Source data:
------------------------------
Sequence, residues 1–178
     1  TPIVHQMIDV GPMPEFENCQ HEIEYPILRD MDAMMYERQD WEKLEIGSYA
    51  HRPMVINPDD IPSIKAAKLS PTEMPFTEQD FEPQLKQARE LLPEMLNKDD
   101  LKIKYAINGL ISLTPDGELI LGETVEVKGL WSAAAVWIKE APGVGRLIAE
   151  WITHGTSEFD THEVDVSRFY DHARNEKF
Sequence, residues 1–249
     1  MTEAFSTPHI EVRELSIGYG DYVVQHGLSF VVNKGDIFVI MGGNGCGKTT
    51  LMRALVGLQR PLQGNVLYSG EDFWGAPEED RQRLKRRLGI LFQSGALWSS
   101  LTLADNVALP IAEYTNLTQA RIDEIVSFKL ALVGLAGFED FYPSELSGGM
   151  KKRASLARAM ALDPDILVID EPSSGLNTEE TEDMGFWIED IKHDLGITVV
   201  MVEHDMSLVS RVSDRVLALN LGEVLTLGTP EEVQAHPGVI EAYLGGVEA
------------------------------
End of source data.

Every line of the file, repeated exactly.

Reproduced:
Sequence, residues 1–178
     1  TPIVHQMIDV GPMPEFENCQ HEIEYPILRD MDAMMYERQD WEKLEIGSYA
    51  HRPMVINPDD IPSIKAAKLS PTEMPFTEQD FEPQLKQARE LLPEMLNKDD
   101  LKIKYAINGL ISLTPDGELI LGETVEVKGL WSAAAVWIKE APGVGRLIAE
   151  WITHGTSEFD THEVDVSRFY DHARNEKF
Sequence, residues 1–249
     1  MTEAFSTPHI EVRELSIGYG DYVVQHGLSF VVNKGDIFVI MGGNGCGKTT
    51  LMRALVGLQR PLQGNVLYSG EDFWGAPEED RQRLKRRLGI LFQSGALWSS
   101  LTLADNVALP IAEYTNLTQA RIDEIVSFKL ALVGLAGFED FYPSELSGGM
   151  KKRASLARAM ALDPDILVID EPSSGLNTEE TEDMGFWIED IKHDLGITVV
   201  MVEHDMSLVS RVSDRVLALN LGEVLTLGTP EEVQAHPGVI EAYLGGVEA